A new paper resulting from the Corona-Kinderstudie has just been published.

The paper, entitled “Transmission of Severe Acute Respiratory Syndrome Coronavirus 2 in Households with Children, Southwest Germany, May–August 2020” and published in Emerging Infectious Diseases,  reports on investigations of intrahousehold transmission in families with children using seroepidemiological methods.

The Corona-Kinderstudie is a cooperation between four University Hospitals in Baden-Württemberg; Freiburg’s involvement in the study is led by Professor Philipp Henneke and Dr. Roland Elling. For more information, please visit the study website (www.corona-kinderstudie.de, in German) or email the study team (corona.kinderstudie@uniklinik-freiburg.de).

Abstract: Resolving the role of severe acute respiratory syndrome coronavirus 2 (SARS-CoV-2) transmission in households with members from different generations is crucial for containing the current pandemic. We conducted a large-scale, multicenter, cross-sectional seroepidemiologic household transmission study in southwest Germany during May 11–August 1, 2020. We included 1,625 study participants from 405 households that each had ≥1 child and 1 reverse transcription PCR–confirmed SARS-CoV-2–infected index case-patient. The overall secondary attack rate was 31.6% and was significantly higher in exposed adults (37.5%) than in children (24.6%–29.2%; p = <0.015); the rate was also significantly higher when the index case-patient was >60 years of age (72.9%; p = 0.039). Other risk factors for infectiousness of the index case-patient were SARS-CoV-2–seropositivity (odds ratio [OR] 27.8, 95% CI 8.26–93.5), fever (OR 1.93, 95% CI 1.14–3.31), and cough (OR 2.07, 95% CI 1.21–3.53). Secondary infections in household contacts generate a substantial disease burden.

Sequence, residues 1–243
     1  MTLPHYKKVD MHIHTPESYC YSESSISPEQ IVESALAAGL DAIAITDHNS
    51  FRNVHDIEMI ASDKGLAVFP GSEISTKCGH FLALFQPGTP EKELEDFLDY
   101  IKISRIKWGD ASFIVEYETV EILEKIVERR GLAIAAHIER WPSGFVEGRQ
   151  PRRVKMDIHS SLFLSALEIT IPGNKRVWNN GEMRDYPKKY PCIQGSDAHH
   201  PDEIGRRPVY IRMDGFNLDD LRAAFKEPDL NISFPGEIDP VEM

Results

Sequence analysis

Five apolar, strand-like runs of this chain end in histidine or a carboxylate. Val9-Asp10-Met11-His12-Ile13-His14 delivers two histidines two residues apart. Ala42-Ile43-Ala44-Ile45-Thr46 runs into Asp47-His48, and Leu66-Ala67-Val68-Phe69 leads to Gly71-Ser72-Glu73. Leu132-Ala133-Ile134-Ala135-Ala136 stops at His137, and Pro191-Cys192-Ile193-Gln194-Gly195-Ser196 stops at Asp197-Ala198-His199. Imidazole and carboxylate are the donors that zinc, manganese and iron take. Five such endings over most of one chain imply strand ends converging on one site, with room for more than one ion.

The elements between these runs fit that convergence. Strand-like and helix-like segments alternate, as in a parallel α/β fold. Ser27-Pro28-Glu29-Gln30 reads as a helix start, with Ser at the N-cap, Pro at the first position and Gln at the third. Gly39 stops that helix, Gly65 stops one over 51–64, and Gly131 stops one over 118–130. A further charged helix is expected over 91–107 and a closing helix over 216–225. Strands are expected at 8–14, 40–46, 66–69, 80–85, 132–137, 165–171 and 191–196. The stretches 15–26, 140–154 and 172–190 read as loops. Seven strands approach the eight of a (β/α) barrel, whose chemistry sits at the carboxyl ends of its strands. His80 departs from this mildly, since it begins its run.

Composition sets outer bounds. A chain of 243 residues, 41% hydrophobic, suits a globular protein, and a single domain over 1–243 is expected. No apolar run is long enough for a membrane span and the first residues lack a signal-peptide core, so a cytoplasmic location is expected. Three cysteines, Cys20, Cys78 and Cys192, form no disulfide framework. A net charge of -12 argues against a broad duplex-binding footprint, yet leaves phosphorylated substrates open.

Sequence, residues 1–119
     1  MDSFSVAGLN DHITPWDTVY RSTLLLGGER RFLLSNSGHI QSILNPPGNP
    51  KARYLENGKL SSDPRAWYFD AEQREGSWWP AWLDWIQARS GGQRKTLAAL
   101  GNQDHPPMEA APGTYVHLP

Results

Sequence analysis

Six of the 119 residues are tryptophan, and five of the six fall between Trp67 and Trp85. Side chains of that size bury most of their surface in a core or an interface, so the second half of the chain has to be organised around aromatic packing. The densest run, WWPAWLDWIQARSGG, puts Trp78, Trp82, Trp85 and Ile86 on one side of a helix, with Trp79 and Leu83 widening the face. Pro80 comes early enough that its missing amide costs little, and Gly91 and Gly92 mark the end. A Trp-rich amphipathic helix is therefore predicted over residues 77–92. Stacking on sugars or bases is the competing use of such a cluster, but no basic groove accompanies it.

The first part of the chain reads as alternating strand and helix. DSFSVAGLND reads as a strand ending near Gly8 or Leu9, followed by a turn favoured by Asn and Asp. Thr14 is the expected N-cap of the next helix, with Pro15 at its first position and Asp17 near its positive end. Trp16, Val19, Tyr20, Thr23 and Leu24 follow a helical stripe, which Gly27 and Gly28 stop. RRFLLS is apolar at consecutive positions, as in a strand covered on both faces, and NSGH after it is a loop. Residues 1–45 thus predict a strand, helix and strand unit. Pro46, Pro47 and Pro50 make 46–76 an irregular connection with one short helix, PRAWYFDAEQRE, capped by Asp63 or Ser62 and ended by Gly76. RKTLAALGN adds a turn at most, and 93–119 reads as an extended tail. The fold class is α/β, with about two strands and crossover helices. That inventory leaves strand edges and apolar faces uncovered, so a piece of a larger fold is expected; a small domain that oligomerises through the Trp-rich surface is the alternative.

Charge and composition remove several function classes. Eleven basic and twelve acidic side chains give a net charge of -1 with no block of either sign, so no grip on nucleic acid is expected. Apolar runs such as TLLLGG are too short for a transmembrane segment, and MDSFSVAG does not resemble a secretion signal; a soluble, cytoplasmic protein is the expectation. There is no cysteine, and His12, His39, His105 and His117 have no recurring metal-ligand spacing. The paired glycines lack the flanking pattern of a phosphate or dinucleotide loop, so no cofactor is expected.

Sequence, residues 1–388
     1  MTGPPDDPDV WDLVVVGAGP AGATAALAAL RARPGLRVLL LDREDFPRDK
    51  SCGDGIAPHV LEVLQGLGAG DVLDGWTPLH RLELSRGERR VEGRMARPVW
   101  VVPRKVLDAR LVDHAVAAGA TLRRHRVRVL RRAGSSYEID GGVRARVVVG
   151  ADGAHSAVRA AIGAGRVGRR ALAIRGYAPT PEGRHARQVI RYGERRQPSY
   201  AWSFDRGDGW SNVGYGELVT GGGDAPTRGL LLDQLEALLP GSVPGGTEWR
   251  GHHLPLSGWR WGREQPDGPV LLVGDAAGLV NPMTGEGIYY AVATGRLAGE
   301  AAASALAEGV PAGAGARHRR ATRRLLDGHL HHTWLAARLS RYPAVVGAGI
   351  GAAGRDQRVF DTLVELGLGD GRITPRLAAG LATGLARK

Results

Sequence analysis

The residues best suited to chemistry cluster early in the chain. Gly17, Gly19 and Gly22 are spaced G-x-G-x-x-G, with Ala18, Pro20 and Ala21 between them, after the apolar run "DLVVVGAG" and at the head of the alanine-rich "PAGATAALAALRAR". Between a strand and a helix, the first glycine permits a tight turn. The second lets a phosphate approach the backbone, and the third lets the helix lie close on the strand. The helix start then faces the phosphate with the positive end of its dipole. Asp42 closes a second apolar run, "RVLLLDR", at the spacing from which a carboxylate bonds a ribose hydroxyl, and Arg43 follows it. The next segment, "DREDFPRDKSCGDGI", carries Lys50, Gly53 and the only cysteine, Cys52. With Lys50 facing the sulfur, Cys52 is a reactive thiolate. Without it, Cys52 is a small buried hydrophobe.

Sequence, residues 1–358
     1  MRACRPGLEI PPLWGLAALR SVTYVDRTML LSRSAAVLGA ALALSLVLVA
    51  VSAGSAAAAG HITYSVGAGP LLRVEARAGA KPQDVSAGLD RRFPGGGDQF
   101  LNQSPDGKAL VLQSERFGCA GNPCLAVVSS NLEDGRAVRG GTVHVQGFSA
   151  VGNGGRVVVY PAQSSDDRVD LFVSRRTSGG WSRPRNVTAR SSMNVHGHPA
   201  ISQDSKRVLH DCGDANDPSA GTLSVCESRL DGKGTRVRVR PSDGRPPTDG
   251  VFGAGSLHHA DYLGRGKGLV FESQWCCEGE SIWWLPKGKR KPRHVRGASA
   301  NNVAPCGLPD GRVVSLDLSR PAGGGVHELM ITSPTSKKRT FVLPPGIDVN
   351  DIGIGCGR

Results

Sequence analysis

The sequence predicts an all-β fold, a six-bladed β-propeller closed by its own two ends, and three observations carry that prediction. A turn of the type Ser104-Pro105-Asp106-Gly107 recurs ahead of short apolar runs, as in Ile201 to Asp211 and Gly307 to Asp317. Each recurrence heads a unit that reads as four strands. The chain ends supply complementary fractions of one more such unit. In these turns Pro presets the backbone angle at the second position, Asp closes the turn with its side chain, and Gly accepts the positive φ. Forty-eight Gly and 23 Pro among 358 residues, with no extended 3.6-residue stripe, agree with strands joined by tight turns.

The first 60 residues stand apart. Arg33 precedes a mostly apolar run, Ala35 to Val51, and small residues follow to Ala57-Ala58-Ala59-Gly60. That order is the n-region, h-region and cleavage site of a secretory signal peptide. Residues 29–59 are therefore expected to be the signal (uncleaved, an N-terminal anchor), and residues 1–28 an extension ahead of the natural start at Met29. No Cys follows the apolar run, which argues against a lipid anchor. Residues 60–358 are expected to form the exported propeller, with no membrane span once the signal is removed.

Stich M, Elling R, Renk H, Janda A, Garbade SF, Müller B, et al. Transmission of severe acute respiratory syndrome coronavirus 2 in households with children, southwest Germany, May–August 2020. Emerg Infect Dis. 2021 Dec. https://doi.org/10.3201/eid2712.210978